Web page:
Netflix Chills with Open Source, Adding Docker Support
In a move that should help facilitate wider use of its open source software, Netflix has started packaging many of its publicly available projects in Docker containers, so they can be more readily deployed by other parties.
With the rise of contributions made to the Netflix open source projects, the need to have a more streamlined experience for contributors quickly became apparent to the company.
“While many of our [open source software] projects are being successfully used across many companies all over the world, we got a very clear signal from the community that it was getting harder to figure out which projects were useful for a particular company or a team; which were fully independent; and which were coupled together,” wrote Netflix engineers Andrew Spyker and Ruslan Meshenberg, in a blog post announcing the changes.
As such, Netflix has overhauled its open source project development repository, making it easier for software developers to find Netflix open source projects they want to use and work on. To date, Netflix has open sourced over 50 development and infrastructure applications that the company has developed in-house.
Netflix is one of the many webscale companies taking steps toward a commitment to open sourcing software built in-house, in order to get feedback from third-parties as well as to have a say in the ever-evolving IT ecosystem. AirBnB, Facebook and the Facebook-owned Instagram, Pinterest, Etsy, eBay, Yahoo, LinkedIn are just a few of the other Web companies maintaining open source projects.
In addition to the changes to its Github repository, Netflix will be offering many of its open source projects as Docker containers.
Using Docker containers negate the need for developers to have to manage, edit, and modify Wikis or outside resources with how to best contribute to the Netflix open source community. Offering a container-based contribution solution gives developers the ability to quickly spin up the image they wish to work on after cloning it to their local development environment. This also prevents new developers from potentially breaking source code with bugged commits, as their development instance is contained within Docker from its own fork of the Netflix repository.
Exploring the redesigned Netflix GitHub portal shows projects broken down by categories such as big data, build and delivery tools, runtime management for microservices, data persistence, insights, user interface design, and security. Each of these segments connects with the others in the repository, highlighting how projects dovetail off one another.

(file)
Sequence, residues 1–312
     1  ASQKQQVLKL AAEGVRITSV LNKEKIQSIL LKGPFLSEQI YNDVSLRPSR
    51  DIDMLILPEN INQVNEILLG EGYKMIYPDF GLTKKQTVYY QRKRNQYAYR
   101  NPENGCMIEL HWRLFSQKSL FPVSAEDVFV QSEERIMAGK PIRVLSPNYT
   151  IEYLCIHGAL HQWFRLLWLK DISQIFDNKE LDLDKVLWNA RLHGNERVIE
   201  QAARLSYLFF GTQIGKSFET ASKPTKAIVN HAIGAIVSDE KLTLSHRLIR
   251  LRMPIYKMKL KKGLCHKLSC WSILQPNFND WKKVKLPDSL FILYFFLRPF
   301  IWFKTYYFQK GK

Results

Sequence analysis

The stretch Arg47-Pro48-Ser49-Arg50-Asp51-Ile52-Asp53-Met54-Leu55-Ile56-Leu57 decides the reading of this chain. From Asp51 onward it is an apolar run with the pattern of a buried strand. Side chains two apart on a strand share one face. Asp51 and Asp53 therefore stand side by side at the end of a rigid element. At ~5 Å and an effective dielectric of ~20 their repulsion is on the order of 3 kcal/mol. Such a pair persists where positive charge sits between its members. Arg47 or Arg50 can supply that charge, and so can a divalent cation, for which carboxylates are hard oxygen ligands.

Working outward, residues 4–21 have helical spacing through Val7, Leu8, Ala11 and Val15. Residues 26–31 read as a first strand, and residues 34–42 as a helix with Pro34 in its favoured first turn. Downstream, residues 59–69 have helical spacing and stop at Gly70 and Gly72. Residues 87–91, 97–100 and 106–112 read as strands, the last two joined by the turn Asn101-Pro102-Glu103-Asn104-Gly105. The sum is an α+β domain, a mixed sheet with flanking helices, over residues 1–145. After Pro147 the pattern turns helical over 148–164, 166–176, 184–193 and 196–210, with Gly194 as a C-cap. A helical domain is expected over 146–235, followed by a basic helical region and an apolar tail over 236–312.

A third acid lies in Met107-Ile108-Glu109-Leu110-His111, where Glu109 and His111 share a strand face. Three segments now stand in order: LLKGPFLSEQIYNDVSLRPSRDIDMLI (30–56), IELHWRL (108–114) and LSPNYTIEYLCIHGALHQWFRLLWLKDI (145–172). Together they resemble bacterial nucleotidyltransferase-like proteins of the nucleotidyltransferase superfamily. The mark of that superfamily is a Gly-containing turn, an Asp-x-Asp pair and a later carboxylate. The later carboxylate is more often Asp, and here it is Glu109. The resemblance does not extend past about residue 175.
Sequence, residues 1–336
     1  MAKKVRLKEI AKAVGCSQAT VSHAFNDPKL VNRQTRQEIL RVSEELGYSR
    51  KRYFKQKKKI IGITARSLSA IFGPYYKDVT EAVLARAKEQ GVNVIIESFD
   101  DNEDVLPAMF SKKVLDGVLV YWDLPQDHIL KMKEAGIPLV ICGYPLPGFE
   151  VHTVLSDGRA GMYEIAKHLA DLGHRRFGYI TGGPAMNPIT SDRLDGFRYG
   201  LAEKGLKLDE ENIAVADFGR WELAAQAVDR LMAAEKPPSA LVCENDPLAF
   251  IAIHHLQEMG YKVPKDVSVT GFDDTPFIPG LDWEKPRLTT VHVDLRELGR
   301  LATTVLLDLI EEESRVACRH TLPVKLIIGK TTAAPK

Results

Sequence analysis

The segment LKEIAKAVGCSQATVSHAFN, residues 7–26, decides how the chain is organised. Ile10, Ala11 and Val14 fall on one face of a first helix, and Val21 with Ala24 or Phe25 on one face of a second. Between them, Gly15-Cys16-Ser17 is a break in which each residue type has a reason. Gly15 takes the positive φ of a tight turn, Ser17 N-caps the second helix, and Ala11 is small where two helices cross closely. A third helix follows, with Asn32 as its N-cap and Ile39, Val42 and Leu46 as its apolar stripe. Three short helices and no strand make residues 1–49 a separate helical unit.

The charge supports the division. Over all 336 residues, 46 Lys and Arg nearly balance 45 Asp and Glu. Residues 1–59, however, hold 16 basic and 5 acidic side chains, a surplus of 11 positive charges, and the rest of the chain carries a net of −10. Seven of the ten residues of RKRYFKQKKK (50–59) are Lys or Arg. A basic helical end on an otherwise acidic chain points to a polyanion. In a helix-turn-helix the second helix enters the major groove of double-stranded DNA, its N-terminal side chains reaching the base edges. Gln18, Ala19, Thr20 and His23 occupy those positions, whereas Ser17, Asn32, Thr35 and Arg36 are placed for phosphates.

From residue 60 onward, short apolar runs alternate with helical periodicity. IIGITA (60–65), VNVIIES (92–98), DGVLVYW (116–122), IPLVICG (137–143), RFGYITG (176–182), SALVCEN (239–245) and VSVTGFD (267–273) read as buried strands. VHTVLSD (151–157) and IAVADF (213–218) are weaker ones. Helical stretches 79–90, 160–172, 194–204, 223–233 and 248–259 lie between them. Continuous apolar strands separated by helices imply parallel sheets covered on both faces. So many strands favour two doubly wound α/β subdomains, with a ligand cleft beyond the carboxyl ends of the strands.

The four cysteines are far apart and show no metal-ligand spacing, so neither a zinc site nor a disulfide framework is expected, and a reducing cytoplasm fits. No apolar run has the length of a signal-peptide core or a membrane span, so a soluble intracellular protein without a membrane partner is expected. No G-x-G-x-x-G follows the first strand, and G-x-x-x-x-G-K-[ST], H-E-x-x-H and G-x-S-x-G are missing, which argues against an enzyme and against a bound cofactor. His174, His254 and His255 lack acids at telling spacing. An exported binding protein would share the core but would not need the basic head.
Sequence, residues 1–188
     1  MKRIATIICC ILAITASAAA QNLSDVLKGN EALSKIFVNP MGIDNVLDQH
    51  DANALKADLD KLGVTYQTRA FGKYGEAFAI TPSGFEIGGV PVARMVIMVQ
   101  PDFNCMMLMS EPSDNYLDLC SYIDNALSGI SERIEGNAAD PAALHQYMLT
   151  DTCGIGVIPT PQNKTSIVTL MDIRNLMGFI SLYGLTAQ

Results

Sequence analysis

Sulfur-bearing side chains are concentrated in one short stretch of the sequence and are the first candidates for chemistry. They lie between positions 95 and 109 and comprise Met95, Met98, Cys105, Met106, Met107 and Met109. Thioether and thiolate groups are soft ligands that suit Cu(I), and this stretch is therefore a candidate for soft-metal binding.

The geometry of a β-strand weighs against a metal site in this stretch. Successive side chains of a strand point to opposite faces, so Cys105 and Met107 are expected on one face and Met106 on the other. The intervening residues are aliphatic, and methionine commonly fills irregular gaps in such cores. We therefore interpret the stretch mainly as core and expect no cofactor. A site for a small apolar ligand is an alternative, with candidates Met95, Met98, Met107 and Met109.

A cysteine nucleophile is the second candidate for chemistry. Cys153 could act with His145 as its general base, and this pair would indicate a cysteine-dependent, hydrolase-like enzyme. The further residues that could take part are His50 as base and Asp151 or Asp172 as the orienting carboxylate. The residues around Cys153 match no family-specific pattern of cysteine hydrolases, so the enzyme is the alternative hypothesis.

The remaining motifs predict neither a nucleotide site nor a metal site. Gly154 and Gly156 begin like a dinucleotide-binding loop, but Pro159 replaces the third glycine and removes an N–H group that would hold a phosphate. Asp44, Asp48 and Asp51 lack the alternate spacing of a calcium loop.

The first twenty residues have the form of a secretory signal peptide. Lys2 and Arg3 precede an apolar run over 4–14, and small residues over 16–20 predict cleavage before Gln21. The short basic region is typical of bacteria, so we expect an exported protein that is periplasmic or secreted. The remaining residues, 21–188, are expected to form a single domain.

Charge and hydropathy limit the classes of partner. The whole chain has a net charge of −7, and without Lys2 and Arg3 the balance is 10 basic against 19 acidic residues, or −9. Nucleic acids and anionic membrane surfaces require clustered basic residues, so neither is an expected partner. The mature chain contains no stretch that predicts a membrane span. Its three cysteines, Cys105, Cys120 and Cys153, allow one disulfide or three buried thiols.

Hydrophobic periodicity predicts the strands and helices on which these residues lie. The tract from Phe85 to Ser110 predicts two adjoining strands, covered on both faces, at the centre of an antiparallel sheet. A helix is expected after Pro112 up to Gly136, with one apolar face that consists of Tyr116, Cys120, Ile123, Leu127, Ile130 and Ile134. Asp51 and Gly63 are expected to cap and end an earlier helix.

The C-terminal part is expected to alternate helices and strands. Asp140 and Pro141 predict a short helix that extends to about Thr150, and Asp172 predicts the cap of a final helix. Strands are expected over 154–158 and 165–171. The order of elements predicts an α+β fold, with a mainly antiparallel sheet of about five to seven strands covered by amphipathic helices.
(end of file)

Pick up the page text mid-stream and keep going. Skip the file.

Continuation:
For those interested in developing microservices, Netflix offers Asgard to manage application deployment. Asgard is bolstered by Eureka, which prevents users from having to restart hundreds of failed nodes in the event of service shutdowns. Eureka also provides service discovery so containers on separate AWS clusters can communicate with and discover one another regardless of their location on an EC2 instance.
Data persistence within container-based workflow solutions is another focus of Netflix, with its offerings Raigad and Priam able to back up data, configure deployments, and restore both Cassandra and ElasticSearch databases if a problem arises. Many of these offerings will now be available as Docker images, which will allow for faster deployment of active clusters, enabling developers to address potential bugs, correct issues, and deploy fixes or apply accepted enhancements to a project quickly.
As developers of all levels continue to hone their skills through contributing to open source software, the amount of people contributing to projects continues to rise. As such, companies can find themselves with more potential open source contributors than they have projects – though for Netflix this has not been an issue. The company has experienced massive open source growth since embracing an open source model with their available options, having a variety of projects available for developers to work on.
For many developers building out their software development skills through self-teaching, contributing to open source initiatives is a way to boost their reputation within the field while still working on interesting and challenging projects. Netflix offers the open source community a chance to not only hone their skills but work with new and exciting technology while doing so.
Feature Image: Uzo Aduba, from the Netflix series “Orange is the New Black” via Netflix.